A SINGING group formed by people whose lives have been changed by cancer will record an original song - hoped to provide a ‘voice’ for others who may be struggling - and an album to raise vital funds.
The We Can Survive Singers were formed in late 2018 with the message that ‘cancer doesn’t define you’.
But, founder Cheryl Roberts said, ‘when you’re in a group like this, it unites you’.
“You become stronger, more empowered and confident,” she said. “If I hadn’t have had cancer, I would never have done this - but when cancer came into my life, I thought, I’m going to do the things I always wanted to do.”
Set up with a £5,000 grant from Macmillan Cancer Support - which will fund the recording sessions with another £5,000 - the group went from strength to strength, winning a Proud of Barnsley Award a year later.
Cheryl - who had worked with cancer patients at Barnsley Hospice and The Well therapy service - was diagnosed with breast cancer six years ago, but has now received the all clear.
The group works as part of The Well, under Barnsley Hospital Charity Trust - recognition of its benefits to wellbeing.
Cheryl, 55, of Springfields, Redbrook, remembers seeing her own name in patient lists as a strange moment.
And it was as she moved through the healthcare system she realised the need for more informal support groups, where people could stay together and form relationships through shared experiences.
“When I was on my knees and drowning, it was people that got through it that gave me hope.
“I met people who were on chemotherapy at the same time as me, and some are in this choir now. The singing is the therapy - it’s about peer support. You don’t have to be able to sing.”
The group is producing two CDs, one with the original track and another with four of members’ favourite covers.
Money raised will go towards keeping the choir running and a donation to Macmillan, with a launch concert planned at St Paul’s Church, Gawber.
“This song is going to be a voice of people that have had cancer.
“Hopefully people that have been diagnosed with cancer will hear it, it will resonate with them and give them hope.
“It’s not just the singing - we go out for meals, we’ve been to the theatre, we’ve stayed overnight in places. Singing, laughing, even tears.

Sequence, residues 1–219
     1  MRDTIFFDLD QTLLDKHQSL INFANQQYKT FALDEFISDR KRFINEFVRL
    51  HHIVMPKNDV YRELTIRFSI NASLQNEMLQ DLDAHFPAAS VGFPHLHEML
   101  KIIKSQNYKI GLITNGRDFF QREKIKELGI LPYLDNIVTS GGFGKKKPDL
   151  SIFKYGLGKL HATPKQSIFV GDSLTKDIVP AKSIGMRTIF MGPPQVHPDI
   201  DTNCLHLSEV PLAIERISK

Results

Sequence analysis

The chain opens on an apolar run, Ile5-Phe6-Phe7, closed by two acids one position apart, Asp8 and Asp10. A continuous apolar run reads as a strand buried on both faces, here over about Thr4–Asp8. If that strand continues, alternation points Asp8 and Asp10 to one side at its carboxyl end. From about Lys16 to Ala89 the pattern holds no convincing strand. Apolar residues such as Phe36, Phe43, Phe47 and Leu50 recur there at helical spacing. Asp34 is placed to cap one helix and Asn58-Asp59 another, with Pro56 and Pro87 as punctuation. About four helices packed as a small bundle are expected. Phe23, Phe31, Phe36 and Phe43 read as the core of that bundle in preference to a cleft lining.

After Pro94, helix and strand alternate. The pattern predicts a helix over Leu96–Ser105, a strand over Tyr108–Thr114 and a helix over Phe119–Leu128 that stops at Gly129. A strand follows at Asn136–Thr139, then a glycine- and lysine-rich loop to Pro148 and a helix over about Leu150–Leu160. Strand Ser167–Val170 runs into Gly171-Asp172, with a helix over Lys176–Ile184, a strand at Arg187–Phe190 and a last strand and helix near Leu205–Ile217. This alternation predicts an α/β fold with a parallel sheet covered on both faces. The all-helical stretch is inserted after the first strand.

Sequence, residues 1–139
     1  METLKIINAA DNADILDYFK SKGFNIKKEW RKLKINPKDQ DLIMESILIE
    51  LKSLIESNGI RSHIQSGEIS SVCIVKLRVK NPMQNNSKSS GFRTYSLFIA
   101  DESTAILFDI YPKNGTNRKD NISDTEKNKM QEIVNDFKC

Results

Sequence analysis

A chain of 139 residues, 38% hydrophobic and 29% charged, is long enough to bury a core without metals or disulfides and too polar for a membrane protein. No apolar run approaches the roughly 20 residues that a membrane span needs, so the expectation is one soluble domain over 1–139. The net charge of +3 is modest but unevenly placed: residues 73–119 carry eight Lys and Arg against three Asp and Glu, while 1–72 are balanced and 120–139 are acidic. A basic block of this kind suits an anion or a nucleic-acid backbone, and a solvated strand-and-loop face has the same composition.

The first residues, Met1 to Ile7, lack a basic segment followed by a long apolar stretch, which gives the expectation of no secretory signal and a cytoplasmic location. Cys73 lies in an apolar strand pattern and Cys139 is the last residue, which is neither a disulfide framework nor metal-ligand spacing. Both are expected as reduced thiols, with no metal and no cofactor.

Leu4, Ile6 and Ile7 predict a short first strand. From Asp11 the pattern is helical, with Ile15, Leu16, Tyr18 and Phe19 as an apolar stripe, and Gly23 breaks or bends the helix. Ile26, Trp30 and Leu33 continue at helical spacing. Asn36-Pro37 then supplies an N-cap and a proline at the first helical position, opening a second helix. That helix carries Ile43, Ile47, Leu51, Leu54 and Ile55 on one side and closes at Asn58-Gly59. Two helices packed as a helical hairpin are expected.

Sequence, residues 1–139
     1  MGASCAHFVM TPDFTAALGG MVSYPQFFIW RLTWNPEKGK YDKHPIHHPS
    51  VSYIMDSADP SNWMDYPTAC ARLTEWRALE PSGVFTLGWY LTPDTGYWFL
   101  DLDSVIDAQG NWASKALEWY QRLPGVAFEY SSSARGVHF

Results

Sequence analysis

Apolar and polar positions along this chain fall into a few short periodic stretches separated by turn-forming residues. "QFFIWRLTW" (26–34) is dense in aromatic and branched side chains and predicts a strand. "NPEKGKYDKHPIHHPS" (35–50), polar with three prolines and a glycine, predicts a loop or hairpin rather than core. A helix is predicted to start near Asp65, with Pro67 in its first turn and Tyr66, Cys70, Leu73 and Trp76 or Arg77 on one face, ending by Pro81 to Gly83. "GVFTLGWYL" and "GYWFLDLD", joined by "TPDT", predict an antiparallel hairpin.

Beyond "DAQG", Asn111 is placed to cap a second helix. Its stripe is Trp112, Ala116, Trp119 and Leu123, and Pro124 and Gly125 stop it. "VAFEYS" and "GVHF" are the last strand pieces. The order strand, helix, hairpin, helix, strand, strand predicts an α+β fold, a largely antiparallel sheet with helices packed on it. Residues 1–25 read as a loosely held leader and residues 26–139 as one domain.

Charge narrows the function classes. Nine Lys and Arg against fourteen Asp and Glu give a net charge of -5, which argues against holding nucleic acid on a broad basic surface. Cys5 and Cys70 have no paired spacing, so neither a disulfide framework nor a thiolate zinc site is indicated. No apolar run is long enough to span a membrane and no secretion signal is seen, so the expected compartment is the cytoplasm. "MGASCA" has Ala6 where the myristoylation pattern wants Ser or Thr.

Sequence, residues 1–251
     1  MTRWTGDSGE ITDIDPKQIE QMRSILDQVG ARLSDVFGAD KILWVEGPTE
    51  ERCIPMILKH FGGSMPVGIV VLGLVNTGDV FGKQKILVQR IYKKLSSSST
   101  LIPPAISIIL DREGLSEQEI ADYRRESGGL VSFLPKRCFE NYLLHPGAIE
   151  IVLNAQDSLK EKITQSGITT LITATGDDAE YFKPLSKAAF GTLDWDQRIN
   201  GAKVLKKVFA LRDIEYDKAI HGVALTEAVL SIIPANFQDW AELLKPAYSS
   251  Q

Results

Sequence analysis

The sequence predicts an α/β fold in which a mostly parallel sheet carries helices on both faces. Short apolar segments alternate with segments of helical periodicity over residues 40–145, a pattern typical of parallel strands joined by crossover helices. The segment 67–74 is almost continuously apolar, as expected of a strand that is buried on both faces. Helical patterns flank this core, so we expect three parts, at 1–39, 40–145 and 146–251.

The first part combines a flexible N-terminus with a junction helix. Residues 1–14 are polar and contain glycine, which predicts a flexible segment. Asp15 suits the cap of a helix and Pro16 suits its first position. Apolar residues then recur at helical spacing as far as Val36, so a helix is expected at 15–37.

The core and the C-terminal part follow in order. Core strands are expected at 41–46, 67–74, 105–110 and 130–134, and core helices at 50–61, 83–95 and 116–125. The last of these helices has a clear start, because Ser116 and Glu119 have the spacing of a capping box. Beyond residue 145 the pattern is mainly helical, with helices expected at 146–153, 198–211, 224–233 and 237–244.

“We’ve lost four members of our choir.
“One lady, we sang outside her hospice room and she came and sang with us from her bed.
“She bequeathed us some money from her will - that’s how much it really means to these people.
“It’s so heartwarming. They’re a special group of people.”
Member Sarah Aston - who has chronic myeloid leukaemia and attends daily chemotherapy, having previously had breast cancer - had a big hand in writing the song’s lyrics, which convey each aspect of the group.
The 48-year-old of Sparrowhawk Lane, Wath, said: “The essence of the chorus is that support.
“We’re a fun crew - we have lots of social events.
“We wanted to get in that laughter and daft things that pull us together. We’ve become really close friends and we all have that positive outlook because of the journey we’ve been through.
“I’m here, I’m alive - it could have been a different story.
“We want to live life, have fun and make memories. That’s what we needed to capture in the song.
“We still have scans, hospital appointments, so we support each other through those.
“We’re all of the mindset that because we’ve been through that, life doesn’t stop.”
Ian Margerison,Yorkshire Macmillan engagement lead, said: “We are delighted to see the group thrive from its inception after receiving one of our support grants and are excited to see the production of the album.
“It’s more than just a singing group as it has brought so many people together and forged friendships for life.”